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Trump strikes back against rivals with huge Christie endorsement

·National Correspondent
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FORT WORTH, Texas — New Jersey Gov. Chris Christie formally backed Donald Trump’s bid for the GOP presidential nomination, giving his former rival a potentially significant boost in his bid to win over establishment Republicans ahead of next week’s crucial Super Tuesday primaries.

Joining the real estate mogul at a news conference, Christie praised Trump as a loyal friend and experienced businessman who is the GOP’s best chance of beating Democrat Hillary Clinton in November.

“There is no one better prepared to provide America with the strong leadership it needs,” Christie said, praising Trump as a “clear standout” and “strong, tough leader who will restore America’s greatness.”

The endorsement came after a fiery GOP debate Thursday in which Trump came under withering attack from Florida Sen. Marco Rubio, seeking to cast himself as the clear alternative to the GOP frontrunner. On Friday, Rubio continued attacking Trump, calling him a “con artist” who is “wholly unprepared” for the presidency.

But speaking to a packed room of reporters at a local convention center, Trump and Christie piled on Rubio — Trump mocking him for what he described as his heavy makeup and his propensity to sweat and Christie calling him “desperate.” For Christie, who dropped out of the race after a disappointing sixth-place finish in New Hampshire, the pile-on at times seemed personal, as he could barely conceal his disdain for Rubio both here and during his failed presidential campaign.

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At a press conference in Fort Worth, Christie announced his endorsement of Trump’s presidential bid, Feb. 26, 2016. (Photo: Mike Stone/Reuters)

In Iowa and New Hampshire, Christie slammed Rubio again and again for his inexperience. In a moment that nearly tanked the Florida senator’s campaign, Christie went after Rubio in the last debate before the New Hampshire vote, describing him as a robot reliant on talking points.

As Trump recounted the moment in Friday’s press conference, Christie stood over his shoulder, beaming.

“I thought he was going to die!” Trump recalled, as Christie sought to suppress a giggle. “He was sweating so badly. I have never seen anything like it!”

He then trashed Rubio as a “nervous Nellie” with the “wrong temperament” to be in the White House. “Once a choker, always a choker,” Trump said, as Christie nodded in agreement.

In offering his endorsement, Christie praised Trump again and again as a leader and a “loyal friend” — a relationship that was clear even while they were rivals, when he often avoided directly attacking the former reality star. Christie’s lack of appetite for using his considerable attack dog skills to go after Trump when he was still a presidential candidate confused many in the GOP. Why didn’t he use his razor-sharp wit and New Jersey-bred pugnacity to take Trump down in a debate?

After quitting the race earlier this month, Christie retreated back to New Jersey, where, he told reporters, he and his wife, Mary Pat, considered their options. Did they want to intervene in the primary? Or did they want to stay on the sidelines? While Christie waved off questions on whether any of his other rivals had asked for his support, Jeb Bush and John Kasich reportedly came calling. But two days ago, on the same day Christie held a secret meeting with Trump to suss out a potential endorsement, a Christie adviser hinted that his boss might consider backing Trump — something that most other Republicans could not conceive of.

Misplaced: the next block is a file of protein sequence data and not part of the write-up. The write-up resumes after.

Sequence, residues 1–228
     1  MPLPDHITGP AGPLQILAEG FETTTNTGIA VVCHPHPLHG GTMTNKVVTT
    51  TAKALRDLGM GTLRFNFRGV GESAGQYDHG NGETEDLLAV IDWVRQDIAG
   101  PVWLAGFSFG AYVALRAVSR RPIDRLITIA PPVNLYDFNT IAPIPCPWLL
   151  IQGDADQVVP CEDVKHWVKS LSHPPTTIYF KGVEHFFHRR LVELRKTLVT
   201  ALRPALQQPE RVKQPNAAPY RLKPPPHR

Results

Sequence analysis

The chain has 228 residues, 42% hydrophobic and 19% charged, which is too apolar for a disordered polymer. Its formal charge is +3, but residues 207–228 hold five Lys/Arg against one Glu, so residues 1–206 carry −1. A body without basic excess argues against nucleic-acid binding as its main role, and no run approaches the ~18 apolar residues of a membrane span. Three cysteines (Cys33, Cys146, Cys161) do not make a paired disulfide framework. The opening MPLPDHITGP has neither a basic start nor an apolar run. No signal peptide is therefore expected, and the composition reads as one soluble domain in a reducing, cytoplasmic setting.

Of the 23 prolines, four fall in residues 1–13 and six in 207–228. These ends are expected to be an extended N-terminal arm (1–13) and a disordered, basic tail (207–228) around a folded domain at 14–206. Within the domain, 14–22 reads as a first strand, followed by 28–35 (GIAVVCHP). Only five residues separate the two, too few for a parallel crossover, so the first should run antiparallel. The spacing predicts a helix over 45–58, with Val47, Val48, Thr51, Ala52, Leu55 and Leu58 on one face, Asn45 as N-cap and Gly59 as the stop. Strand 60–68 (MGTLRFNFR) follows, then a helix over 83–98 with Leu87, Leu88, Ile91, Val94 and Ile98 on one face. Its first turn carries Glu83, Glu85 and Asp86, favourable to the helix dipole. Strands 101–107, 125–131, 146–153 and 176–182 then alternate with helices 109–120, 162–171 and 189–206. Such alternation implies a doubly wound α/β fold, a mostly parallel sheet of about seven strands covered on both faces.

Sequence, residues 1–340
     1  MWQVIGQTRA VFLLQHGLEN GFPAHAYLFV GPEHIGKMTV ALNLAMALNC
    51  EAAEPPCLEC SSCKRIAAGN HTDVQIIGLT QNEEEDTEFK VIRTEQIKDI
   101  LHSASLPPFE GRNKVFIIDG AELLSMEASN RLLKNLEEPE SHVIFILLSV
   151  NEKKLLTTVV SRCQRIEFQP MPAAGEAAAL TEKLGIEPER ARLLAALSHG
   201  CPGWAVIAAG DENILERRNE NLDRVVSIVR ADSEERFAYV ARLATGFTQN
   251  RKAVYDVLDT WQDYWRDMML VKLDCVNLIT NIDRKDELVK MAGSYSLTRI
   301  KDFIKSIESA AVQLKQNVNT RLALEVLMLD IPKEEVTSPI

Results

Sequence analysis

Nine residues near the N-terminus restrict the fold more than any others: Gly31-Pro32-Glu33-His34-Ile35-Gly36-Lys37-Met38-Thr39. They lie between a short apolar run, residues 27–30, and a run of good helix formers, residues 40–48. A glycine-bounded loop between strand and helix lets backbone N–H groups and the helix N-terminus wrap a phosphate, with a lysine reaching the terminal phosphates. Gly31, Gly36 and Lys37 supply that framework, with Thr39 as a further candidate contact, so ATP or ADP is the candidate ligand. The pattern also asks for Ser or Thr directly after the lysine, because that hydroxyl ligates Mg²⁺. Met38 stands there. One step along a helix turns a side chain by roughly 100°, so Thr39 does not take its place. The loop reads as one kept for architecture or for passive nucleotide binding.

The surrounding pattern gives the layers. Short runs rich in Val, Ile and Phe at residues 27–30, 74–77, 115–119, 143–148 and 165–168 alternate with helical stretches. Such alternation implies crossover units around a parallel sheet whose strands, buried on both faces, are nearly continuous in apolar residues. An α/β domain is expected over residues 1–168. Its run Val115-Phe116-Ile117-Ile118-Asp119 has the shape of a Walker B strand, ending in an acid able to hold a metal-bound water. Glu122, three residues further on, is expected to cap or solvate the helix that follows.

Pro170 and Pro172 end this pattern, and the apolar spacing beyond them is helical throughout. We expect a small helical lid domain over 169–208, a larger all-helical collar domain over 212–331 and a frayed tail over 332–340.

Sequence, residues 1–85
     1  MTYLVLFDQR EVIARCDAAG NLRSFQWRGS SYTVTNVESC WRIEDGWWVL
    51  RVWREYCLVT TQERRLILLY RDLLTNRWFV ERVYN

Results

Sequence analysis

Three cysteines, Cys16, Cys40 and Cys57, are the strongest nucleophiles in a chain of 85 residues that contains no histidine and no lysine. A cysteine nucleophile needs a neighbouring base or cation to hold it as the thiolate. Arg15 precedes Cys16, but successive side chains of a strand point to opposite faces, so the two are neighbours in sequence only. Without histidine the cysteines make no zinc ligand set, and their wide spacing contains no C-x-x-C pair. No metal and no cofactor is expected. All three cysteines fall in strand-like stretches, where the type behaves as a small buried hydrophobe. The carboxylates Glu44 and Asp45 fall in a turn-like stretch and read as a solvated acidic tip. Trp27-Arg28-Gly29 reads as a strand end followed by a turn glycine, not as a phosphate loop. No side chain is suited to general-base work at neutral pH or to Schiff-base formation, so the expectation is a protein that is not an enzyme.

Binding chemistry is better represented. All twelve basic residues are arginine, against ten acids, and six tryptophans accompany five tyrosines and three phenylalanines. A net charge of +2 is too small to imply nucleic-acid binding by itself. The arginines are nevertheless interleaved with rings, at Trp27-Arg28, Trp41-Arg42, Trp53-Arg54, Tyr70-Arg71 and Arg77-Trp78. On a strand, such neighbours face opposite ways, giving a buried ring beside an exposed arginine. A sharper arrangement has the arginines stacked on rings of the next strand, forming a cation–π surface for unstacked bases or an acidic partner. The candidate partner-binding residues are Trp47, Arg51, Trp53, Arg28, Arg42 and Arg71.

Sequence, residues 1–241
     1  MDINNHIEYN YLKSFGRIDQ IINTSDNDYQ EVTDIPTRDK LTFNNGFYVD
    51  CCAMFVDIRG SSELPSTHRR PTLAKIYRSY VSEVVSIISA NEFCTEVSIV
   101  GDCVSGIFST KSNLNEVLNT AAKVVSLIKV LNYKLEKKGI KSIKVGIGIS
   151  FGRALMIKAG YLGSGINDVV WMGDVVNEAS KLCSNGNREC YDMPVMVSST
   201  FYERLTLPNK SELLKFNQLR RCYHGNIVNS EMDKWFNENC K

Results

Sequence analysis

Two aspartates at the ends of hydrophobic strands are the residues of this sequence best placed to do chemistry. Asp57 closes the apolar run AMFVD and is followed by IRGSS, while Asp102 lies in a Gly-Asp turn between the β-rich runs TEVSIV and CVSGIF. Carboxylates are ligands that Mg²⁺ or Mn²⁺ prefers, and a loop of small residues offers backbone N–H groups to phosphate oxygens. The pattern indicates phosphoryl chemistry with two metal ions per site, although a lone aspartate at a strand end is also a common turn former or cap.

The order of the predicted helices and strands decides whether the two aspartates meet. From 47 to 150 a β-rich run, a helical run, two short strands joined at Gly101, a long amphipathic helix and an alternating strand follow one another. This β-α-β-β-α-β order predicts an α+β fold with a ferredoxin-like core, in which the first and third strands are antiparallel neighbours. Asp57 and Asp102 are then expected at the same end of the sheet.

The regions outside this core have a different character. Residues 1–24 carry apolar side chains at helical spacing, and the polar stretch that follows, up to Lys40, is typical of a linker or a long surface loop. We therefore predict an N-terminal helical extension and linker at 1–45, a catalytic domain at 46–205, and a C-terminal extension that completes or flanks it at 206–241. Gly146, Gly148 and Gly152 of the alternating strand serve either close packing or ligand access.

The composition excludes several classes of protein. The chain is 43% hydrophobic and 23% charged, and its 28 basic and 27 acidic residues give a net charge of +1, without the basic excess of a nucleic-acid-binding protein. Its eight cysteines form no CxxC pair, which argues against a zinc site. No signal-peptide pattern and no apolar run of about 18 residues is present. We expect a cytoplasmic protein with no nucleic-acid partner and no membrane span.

Over the summer, Christie told Yahoo News about his longstanding relationship with Trump. “We’ve always gotten along. Been friends for 13 years. I went to his wedding, the third one. We’re friends,” Christie said. “But you know, I just don’t think [president] is the right job for him.”

In another interview the day before he dropped out of the race, Christie told Yahoo News that he would take on Trump “at a time and place of my choosing.” Asked what he would say if Trump ever called him a derogatory name, Christie said, “I would say, ‘Donald, knock it off. You’re not messing with a kid.”

“He sees Rubio as a kid,” Christie added. “And he doesn’t see me as a kid. We’ve known each other too long.”

On Friday, Trump lavished praise on Christie, perhaps his most significant endorsement in the race so far. “He’s been my friend for many years. He’s been a spectacular governor,” the GOP frontrunner declared.

Christie, who had been considered the blunt, loose cannon of the 2016 campaign before Trump jumped into the race, no doubt boosts the real estate mogul’s appeal to working-class voters sick of the Washington status quo.

But perhaps most important, Christie could give Trump some much-needed credibility among establishment Republicans who have been wary of his candidacy. A former head of the Republican Governors Association, Christie could potentially swing members of the party who previously would never have considered backing Trump, a political novice whose insurgent candidacy has overtaken the Republican presidential race.

Again and again, Christie emphasized Trump’s ability to beat Clinton, calling the real estate mogul her biggest nightmare in November.

“I can guarantee you that the one person that Hillary and Bill Clinton do not want to see on that stage come next September is Donald Trump,” Christie said. “They know how to run the standard playbook against junior senators and run them around the block. They do not know the playbook against Donald Trump because he is rewriting the playbook. He is rewriting the playbook of American politics.”

Jon Ward contributed reporting to this story.

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